Aung’s family was from Bagan and his parents and uncle still perform in hotels there. He was clearly nostalgic for the old days. “We used to do entire plays with many characters, including the King and Prime Minister,” he recalled. “But for that you need up to ten puppeteers. On my own I can only do the individual dances. We used to perform at Buddhist festivals, but local people are not interested anymore, so now it’s mostly for tourists.”

Despite this, Aung told us that he still hopes to continue the tradition. “I’ve been doing this for over 30 years and now I’m teaching my son,” he said. “I hope that Burmese people will become interested in puppet shows again.”

Afterwards, Joyce and I discussed the show over a dinner of Shan noodles. I asked her what she thought of Aung. “He was very adorable,” she replied. “There was a bit of sadness about him, but you could see that he was happy showing his puppets to foreigners.”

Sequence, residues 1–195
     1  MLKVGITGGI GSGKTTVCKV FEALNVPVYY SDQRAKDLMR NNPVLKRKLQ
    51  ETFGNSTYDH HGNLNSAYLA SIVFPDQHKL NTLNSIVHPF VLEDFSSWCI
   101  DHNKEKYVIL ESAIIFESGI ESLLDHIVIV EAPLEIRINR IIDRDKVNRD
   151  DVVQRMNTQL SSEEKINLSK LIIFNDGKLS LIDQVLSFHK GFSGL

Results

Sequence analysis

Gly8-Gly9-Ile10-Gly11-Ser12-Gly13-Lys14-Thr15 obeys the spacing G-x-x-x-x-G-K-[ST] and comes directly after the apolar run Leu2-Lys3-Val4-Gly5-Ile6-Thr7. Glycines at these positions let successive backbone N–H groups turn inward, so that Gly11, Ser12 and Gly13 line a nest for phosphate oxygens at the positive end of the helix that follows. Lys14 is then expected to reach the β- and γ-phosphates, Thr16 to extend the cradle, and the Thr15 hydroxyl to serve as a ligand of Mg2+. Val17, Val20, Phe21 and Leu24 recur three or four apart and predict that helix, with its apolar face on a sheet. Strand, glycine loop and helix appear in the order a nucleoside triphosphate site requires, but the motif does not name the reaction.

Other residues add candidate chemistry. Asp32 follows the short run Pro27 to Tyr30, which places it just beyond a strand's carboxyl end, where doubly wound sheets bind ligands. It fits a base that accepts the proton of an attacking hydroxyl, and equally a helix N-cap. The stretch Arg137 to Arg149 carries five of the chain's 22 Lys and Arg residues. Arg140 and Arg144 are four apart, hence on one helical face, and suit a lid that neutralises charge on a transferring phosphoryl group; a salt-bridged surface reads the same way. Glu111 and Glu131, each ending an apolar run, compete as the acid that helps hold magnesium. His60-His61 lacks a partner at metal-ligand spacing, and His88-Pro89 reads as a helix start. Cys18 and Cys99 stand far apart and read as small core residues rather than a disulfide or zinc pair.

Stone temple pilots

A herd of goats pass in front of a Bagan temple as a farmer unloads hay
© Andy Brown/Myanmar 2014
Our next stop was Bagan, where thousands of ancient temples lie scattered across a flat plain beside the Irrawaddy River. In some ways, Bagan is similar to Angkor in Cambodia, but while most of the temples are noticeably less grand (they are often made from brick and concrete instead of stone), what they lack in grandeur they make up for in sheer numbers. There are over 4,000 temples here, constructed between the 11th and 13th Centuries AD.

Another difference with Angkor is that Bagan, like Inle, remains a predominantly rural area. Most of the temples sit among fields of crops, between sandy tracks and wooden huts. We saw farmers herding goats and cattle amongst the crumbling ruins, or unloading bales of hay from ox-drawn carts.

This was my second visit to Bagan, and there had been several changes in the intervening two years. There were noticeably more tourists this time round, including a number of tour groups, although most visitors were still independent travellers.